Oscars

It’s been more than three weeks since the Oscars, yet there is still much about the event that can be analyzed. The ceremony was rife with political undertones and didn’t shy away from addressing issues such as race and feminism.

After the #OscarsSoWhite controversy last year over a lack of representation by minority groups, there were assurances from the Academy that they would rectify this blunder. For the most part, they made good on their promise.

When Viola Davis won a Supporting Actress Oscar for her role in Fences, I was ecstatic. I always thought she had been overlooked at the 2012 Oscars when she was nominated in the Best Actress category for her portrayal of African-American maid Aibileen Clark in The Help.

Davis’ win was both well-deserved and long overdue. Looking back on the 2012 ceremony, before the advent of Twitter social movements, I realized that the seeds for #OscarsSoWhite were already being planted. That year, Meryl Streep won Best Actress over Davis for her role as former U.K. prime minister Margaret Thatcher in The Iron Lady. At the time, I thought little of it.

Don’t get me wrong: Streep is extremely talented with years of acting experience under her belt. But that’s not the issue here. The fact of the matter is, why didn’t the Academy vote for Davis, an African-American actress? Why didn’t they give more recognition to a film about the 1960s U.S. civil rights movement? This was the perfect opportunity to send a message, and Hollywood chose not to take it.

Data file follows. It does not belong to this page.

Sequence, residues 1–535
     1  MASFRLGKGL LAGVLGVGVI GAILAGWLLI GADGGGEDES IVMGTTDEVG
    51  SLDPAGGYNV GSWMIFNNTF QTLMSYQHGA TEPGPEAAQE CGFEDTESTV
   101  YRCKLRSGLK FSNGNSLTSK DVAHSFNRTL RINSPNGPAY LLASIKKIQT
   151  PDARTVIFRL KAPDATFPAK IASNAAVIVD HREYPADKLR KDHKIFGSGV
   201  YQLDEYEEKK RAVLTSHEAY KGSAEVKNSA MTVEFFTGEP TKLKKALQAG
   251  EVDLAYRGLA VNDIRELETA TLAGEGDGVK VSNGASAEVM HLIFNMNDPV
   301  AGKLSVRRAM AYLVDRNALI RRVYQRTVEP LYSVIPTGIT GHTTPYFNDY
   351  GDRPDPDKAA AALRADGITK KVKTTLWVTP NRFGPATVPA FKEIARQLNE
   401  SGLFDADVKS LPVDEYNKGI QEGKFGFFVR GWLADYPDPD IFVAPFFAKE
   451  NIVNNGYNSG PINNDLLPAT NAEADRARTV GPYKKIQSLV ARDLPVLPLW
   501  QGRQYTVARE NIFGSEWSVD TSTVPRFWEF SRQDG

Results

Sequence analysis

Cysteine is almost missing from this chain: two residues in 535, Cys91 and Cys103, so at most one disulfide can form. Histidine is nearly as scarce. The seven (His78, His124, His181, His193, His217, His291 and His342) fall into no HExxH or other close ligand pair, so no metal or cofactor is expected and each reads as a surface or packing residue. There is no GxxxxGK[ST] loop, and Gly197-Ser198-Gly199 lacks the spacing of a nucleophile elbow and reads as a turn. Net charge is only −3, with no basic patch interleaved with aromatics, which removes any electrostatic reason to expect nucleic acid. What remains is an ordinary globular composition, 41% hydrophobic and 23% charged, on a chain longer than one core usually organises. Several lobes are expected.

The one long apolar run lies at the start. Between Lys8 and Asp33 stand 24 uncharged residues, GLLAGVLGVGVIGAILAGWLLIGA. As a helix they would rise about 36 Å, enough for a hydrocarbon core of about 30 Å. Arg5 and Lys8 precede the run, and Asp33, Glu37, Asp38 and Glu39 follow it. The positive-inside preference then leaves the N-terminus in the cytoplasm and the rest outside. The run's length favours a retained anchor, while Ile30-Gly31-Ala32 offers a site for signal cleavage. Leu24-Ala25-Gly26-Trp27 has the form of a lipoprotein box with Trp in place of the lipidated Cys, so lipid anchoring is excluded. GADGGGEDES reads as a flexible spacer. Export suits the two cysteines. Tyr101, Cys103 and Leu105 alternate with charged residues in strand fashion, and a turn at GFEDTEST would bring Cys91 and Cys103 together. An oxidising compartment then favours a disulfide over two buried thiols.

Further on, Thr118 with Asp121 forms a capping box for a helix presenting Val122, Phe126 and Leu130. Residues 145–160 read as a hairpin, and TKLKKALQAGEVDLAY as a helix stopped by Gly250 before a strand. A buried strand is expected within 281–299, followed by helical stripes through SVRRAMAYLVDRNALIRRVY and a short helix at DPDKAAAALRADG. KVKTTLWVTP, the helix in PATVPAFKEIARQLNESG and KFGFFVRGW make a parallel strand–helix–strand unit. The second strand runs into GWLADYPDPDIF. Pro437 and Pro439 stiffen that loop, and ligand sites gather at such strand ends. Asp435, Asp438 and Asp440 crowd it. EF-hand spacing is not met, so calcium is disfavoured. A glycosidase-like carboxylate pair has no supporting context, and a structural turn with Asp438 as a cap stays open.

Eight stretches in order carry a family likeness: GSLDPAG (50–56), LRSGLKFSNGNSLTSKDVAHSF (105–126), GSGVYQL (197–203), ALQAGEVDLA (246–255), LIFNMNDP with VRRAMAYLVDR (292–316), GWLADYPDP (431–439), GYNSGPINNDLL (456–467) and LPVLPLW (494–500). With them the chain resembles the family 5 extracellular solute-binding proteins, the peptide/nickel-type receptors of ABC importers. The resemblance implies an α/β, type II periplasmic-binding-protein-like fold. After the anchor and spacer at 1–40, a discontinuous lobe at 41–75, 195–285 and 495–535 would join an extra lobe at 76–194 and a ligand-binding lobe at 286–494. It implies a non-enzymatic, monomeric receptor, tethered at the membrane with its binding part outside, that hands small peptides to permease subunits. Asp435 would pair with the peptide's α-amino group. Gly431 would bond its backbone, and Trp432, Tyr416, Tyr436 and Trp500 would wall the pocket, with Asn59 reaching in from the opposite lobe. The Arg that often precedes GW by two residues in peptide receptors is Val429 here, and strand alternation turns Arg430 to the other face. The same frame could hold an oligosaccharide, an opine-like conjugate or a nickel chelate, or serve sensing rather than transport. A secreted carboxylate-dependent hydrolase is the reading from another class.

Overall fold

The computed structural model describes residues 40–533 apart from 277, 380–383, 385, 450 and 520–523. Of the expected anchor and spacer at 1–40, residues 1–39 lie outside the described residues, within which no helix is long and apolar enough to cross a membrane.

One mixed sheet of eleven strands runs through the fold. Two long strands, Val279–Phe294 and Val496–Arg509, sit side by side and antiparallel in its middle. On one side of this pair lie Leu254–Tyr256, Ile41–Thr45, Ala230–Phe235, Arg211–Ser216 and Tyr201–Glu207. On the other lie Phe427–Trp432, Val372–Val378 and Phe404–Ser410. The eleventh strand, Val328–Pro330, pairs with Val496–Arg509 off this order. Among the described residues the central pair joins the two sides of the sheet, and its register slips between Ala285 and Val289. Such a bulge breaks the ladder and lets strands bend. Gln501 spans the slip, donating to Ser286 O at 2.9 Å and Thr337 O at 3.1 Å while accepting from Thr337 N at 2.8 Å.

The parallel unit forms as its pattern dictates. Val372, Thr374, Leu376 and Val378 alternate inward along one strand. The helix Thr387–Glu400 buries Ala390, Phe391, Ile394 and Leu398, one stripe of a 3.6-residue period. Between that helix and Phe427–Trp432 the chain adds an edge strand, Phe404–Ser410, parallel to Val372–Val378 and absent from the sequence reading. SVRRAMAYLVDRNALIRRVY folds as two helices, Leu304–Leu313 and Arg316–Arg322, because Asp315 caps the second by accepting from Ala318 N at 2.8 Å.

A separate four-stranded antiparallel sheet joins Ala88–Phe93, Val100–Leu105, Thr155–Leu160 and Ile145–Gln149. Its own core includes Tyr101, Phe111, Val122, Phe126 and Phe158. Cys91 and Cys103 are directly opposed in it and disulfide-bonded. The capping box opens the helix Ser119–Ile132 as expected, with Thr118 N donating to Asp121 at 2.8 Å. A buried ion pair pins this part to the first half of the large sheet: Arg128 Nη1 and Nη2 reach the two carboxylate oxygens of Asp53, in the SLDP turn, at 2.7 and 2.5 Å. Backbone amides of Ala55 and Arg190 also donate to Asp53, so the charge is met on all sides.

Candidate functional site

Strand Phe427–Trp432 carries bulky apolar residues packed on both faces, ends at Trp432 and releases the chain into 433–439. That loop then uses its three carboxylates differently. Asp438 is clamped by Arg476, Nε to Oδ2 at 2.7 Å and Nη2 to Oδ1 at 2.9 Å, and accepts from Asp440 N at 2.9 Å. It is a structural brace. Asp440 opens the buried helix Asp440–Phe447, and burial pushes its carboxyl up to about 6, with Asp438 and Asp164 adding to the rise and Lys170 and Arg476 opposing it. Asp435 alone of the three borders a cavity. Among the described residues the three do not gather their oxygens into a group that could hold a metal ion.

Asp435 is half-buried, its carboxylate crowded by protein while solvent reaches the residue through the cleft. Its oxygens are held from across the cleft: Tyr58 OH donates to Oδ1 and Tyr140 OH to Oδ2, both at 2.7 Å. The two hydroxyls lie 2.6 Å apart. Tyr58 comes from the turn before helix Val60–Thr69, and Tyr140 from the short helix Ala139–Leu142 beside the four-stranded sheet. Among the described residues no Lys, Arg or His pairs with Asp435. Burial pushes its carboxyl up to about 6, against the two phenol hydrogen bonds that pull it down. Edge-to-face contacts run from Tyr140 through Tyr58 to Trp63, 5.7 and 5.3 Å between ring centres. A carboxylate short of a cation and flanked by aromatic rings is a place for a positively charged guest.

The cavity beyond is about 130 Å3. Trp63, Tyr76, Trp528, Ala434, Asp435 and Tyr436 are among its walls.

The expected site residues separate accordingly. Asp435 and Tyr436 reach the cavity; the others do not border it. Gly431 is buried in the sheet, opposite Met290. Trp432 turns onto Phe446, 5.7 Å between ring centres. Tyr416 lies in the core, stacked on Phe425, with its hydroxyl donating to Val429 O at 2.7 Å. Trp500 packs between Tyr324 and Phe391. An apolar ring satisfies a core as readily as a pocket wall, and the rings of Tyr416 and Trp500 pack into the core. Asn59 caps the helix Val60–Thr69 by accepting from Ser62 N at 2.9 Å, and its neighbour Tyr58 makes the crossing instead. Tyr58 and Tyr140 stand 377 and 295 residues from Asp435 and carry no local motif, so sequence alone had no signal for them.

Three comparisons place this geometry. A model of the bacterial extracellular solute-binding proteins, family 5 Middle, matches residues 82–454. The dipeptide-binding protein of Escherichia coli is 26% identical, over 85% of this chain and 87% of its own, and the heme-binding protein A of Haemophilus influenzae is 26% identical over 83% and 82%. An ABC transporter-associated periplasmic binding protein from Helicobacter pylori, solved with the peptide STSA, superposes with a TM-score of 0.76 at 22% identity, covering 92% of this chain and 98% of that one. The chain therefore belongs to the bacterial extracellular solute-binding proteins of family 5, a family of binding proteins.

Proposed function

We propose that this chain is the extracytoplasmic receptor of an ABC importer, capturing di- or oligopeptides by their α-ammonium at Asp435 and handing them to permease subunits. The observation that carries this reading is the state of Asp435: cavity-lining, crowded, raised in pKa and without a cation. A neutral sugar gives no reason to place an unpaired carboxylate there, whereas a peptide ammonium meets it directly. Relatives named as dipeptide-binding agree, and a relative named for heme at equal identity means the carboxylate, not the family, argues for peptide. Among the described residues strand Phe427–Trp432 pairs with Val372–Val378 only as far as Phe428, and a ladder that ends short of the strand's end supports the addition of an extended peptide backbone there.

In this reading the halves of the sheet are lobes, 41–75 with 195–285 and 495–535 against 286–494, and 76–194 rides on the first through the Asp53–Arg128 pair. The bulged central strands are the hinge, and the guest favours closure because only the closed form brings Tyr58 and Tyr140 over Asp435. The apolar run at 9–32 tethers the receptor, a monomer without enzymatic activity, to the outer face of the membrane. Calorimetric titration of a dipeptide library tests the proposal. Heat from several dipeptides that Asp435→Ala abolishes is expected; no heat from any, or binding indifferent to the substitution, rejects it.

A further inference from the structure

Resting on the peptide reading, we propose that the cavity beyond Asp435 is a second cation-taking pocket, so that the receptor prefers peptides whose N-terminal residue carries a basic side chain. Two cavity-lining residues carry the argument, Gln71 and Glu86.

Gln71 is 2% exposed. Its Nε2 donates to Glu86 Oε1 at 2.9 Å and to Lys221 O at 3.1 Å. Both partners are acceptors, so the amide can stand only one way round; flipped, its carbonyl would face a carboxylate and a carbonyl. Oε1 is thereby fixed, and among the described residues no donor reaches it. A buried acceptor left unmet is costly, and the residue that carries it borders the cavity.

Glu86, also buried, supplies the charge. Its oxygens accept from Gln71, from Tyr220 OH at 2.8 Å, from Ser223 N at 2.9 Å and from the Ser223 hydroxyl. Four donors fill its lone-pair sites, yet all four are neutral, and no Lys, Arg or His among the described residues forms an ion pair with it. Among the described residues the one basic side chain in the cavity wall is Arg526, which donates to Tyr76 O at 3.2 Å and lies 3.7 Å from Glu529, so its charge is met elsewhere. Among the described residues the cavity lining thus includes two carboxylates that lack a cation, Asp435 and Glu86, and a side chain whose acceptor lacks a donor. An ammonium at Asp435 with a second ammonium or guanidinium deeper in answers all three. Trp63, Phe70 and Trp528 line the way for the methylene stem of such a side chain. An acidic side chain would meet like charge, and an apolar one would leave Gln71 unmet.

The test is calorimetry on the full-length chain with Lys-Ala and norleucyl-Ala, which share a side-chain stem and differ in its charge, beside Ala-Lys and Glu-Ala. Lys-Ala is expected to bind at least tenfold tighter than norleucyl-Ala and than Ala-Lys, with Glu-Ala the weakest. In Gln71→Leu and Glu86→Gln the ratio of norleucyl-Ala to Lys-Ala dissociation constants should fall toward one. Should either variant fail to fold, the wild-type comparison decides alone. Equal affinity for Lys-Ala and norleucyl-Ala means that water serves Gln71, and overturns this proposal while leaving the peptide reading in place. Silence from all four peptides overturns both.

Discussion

Fast forward five years later and one could argue that the Academy has redeemed itself. Davis finally got her hands on a golden statuette, and #OscarsSoWhite has become #OscarsSoBlack.

At this year’s ceremony, one of the most important moments of the night belonged to Mahershala Ali (Moonlight), who became the first Muslim actor to win an Oscar. Amidst the current political climate, it’s refreshing to see that at least Hollywood is keeping an open mind, which is more than I can say for the U.S. government. Take that, Donald Trump.

Let’s not forget about Hidden Figures, which was another prominent film at this year’s Oscars. Taraji P. Henson, Octavia Spencer and Janelle Monáe play African-American mathematicians Katherine Johnson, Dorothy Vaughan and Mary Jackson, respectively. All three women were instrumental in the development of the U.S. space program at NASA.  

A few days ago, I watched Hidden Figures for the first time and couldn’t help but think about how it could influence someone’s life. Every young girl needs to watch this film and be reminded of the fact that women have the power to change history. The world doesn’t only belong to white, middle-aged men; there is a place for everyone to succeed and thrive.

June Eric-Udorie, an 18-year-old writer and editorial trainee from the U.K., recently took several hundred African-American girls to a screening of Hidden Figures. This is the type of impact that films can have, and I encourage everyone to watch it. Better yet, do what Eric-Udorie did, and invite a young girl to go see the movie with you. Empower women to achieve their goals, no matter how impossible they may seem.

To all the underrepresented individuals in film, I applaud you. Keep writing inspiring stories and acting your hearts out. Most importantly, never stop fighting for what you believe in. Hollywood and the rest of the world need to know more about the amazing work that you do.

- Stephanie Li is a second-year political science student at Western.  

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